Panchagavya and Ayurvedic Medicine
Traditional Indian Ayurvedic medicine advocates using
Panchagavya as a cure-all for ailments
ranging from diabetes to cancer, from schizophrenia to autism.
Panchagavya is a concoction of five products of the cow.
It includes three direct products —
dung, urine, and milk — and two derived products —
yoghurt and ghee (or clarified butter).
These ingredients are mixed in specified ratios and then allowed to ferment.
Some references include four more ingredients:
jaggery (or raw cane sugar),
The dung and ghee are thoroughly mixed during the morning and evening,
and then kept for 3 days.
After settling for 3 days, it is mixed regularly for another 15 days.
Then the other ingredients are mixed in,
and the result is left to sit for another 30 days.
The resulting concoction is stored in a wide-mouthed earthen port
or in a concrete tank in the open.
If you want a concoction without the dung and urine, you can replace them
with honey and sugar to make panchamrita.
But once you've started down this path,
why would you leave out the dung and urine?
Origins of Panchagavya
The word panchagavya is Sanskrit —
pancha meaning five,
and gavya (from gau) meaning from the cow.
The Charaka Samhitā or
is a Sanskrit text on Ayurveda or Ayurvedic medicine.
It is thought to have been written between the fourth century BCE and
second century CE, with the version used today assembled in the 6th
It consists of 120 chapters in eight books,
and it describes panchagavya among many other concoctions.
The concoction is used in ritual settings.
It is used as a prasada, a food offering which is offered to a
deity in a temple and then is consumed by the worshipers.
The 2016 Program to Validate Panchagavya
Science on Panchagavya, February 2017
The journal Science reported
in early 2017 that India's science ministry was starting a program
to "validate" the millennia-old concoction.
India's science minister, Harsh Vardhan, said
"The truth is that panchagavya is very strong."
He said that the science ministry's project will use modern scientific tools
"to show the world the supremacy of Ayurveda."
M. S. Swaminathan is the chairman of the M. S. Swaminathan Research
Foundation of Chennai, India, a non-profit organization devoted to
He said, "Scientific validation is desirable in all cases."
And Again in 2023
Nature on the 2023 WHO summit
In August 2023 the World Health Organization or WHO
convened its first summit dedicated to traditional medicine.
One of the major goals was discussing how to gather evidence
for traditional healing systems that include Ayurveda, yoga, and homeopathy.
Your Results May Vary
Pushpa Mittra Bhargava, a biologist and a former director of the
Centre for Cellular and Molecular Biology and Hyderabad, India,
has reviewed the medical literature of panchagavya, to the extent
that it exists.
He reports that in the few papers he found, the authors
"had absolutely no inkling of what scientific research is."
Studies on the ingestion of individual components, such as cow urine,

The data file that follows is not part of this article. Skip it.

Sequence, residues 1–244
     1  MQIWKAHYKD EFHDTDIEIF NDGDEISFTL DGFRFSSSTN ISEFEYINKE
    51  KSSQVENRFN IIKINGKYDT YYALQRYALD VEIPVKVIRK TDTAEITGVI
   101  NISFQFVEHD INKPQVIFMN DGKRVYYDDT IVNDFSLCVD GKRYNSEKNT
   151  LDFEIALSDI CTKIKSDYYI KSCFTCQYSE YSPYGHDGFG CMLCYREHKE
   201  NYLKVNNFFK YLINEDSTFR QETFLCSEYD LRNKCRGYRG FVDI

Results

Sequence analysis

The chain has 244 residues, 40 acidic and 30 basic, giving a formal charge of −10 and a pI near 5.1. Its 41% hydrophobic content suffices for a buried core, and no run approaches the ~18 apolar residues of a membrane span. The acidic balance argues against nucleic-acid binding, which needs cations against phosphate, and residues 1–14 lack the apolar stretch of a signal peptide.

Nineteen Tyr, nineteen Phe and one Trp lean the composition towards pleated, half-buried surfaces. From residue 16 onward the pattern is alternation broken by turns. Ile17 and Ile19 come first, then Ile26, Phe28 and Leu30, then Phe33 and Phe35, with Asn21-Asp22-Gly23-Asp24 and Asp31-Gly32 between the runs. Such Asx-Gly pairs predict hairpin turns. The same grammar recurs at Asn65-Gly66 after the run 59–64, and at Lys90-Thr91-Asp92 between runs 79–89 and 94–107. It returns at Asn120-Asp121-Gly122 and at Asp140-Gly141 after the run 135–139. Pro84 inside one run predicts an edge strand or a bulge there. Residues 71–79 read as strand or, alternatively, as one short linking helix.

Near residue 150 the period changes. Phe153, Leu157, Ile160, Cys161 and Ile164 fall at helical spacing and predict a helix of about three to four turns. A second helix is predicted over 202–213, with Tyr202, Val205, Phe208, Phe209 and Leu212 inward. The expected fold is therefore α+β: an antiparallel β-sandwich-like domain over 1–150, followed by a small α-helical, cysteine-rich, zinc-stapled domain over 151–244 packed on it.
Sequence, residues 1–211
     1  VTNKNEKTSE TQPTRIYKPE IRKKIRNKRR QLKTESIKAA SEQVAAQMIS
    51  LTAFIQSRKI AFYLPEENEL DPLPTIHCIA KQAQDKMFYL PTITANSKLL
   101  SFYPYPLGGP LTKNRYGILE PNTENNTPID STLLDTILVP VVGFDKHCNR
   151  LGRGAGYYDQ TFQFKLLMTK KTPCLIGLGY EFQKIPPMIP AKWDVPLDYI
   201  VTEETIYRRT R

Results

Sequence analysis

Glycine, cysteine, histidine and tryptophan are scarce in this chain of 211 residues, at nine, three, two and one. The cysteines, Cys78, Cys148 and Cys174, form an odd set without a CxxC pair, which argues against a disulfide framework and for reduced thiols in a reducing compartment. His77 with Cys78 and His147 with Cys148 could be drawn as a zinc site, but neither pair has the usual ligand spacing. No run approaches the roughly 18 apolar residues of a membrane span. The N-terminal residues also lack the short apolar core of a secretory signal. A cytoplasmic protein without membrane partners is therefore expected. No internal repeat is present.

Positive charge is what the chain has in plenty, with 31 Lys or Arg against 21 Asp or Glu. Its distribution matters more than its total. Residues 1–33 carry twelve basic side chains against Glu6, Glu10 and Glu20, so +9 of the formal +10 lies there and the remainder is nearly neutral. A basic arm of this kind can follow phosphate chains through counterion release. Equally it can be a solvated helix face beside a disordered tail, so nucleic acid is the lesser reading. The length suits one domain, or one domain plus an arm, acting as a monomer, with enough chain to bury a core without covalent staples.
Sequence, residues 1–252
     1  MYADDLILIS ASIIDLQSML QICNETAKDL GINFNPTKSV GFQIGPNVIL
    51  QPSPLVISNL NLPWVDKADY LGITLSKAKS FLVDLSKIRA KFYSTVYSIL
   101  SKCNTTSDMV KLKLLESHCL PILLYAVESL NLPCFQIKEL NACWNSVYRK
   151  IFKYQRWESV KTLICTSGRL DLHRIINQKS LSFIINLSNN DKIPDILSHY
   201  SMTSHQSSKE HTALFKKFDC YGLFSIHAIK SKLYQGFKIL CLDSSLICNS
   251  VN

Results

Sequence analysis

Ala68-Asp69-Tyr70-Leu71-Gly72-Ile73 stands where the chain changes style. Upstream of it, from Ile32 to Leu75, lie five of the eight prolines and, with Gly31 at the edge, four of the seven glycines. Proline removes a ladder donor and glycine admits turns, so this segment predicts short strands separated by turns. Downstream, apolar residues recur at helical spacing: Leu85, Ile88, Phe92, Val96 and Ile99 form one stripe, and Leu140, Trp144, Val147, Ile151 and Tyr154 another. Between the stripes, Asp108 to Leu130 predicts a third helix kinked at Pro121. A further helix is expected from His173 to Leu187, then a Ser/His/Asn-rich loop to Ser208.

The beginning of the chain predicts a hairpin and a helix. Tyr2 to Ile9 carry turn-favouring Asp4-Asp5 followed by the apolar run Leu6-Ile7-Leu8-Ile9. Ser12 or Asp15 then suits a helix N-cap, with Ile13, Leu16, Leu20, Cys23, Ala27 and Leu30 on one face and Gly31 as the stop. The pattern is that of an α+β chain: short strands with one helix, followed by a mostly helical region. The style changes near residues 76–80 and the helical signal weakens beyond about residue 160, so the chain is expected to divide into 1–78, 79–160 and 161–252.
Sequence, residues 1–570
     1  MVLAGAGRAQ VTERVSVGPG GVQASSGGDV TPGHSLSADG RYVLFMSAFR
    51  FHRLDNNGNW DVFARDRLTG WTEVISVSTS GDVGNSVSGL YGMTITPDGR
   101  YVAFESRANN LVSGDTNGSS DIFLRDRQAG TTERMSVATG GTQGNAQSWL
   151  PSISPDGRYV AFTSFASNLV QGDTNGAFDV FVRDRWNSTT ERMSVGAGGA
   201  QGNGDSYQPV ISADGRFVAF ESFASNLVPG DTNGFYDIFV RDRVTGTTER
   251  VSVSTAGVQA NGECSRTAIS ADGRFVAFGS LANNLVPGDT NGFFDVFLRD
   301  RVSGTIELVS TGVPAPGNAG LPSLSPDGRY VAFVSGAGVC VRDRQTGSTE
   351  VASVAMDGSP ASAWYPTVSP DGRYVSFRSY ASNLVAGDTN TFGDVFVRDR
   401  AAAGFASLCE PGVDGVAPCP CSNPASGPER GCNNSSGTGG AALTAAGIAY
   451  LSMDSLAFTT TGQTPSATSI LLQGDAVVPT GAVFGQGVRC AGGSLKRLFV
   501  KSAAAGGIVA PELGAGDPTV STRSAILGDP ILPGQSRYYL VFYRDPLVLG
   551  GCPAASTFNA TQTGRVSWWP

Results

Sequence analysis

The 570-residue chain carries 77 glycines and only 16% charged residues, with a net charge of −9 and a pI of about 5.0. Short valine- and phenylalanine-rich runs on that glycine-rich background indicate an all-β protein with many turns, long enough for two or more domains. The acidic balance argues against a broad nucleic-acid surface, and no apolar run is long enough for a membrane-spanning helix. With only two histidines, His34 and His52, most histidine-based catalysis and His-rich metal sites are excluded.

have shown no positive benefit.
They have shown significant to deadly side effects
from the urine itself.
Leptospirosis and other infectious diseases can also be passed through
Medical journal articles have investigated poisoning cases caused
by ingesting cow urine and nicotine in Nigeria.
Those studies concluded that cow urine and nicotine cause excitement
in low doses, depressed respiration at moderate doses,
and convulsion and death in higher doses.
[Tropical and Geographical Medicine 27: 194-202, PMID 1179485;
Transactions of the Royal Society of Tropical Medicine and Hygiene
1977 71(2): 127-132]
The irony is that cow's urine and nicotine form a
traditional Nigerian remedy to treat convulsions.
So, this treatment causes and intensifies what it claims to cure.
Those are some of the risks just for drinking cow urine.
As for eating cow dung, well, it would be challenging to estimate
how many strains of harmful microbes and parasites you would ingest.
External Use? Maybe
Ayurvedic practices urge other uses of cow's urine.
It has been used in soap, shampoo, hair oil, skin cream, and so on.
As for its recommended use in tooth powder and nasal powder,
now you're ingesting it.
I'm not sure how you use nasal powder, but it sounds like you dry
cow urine, grind that into a fine powder, and snort it up your nose.
Thank you, but no.
Panchagavya is commonly used as a fertilizer and pesticide.
Yes, urine will provide needed minerals, and dung is commonly used
all around the world as a crop fertilizer.
With panchagavya you're just mixing dairy products
into the traditional fertilizer.
You can mix panchagavya into water to grow plankton,
which you can collect and use as fish feed.
But in this case it's really just an aquatic fertilizer for plankton.
Panchagavya proponents claim that it is useful as animal feed,
promoting growth in chickens, cows, and pigs.
Well, chickens are notoriously coprophagous, and pigs will eat most anything.
The real benefit from using this as livestock feed comes from the ghee and
milk and yoghurt which, unfortunately for the animals,
is horribly contaminated with urine and dung.
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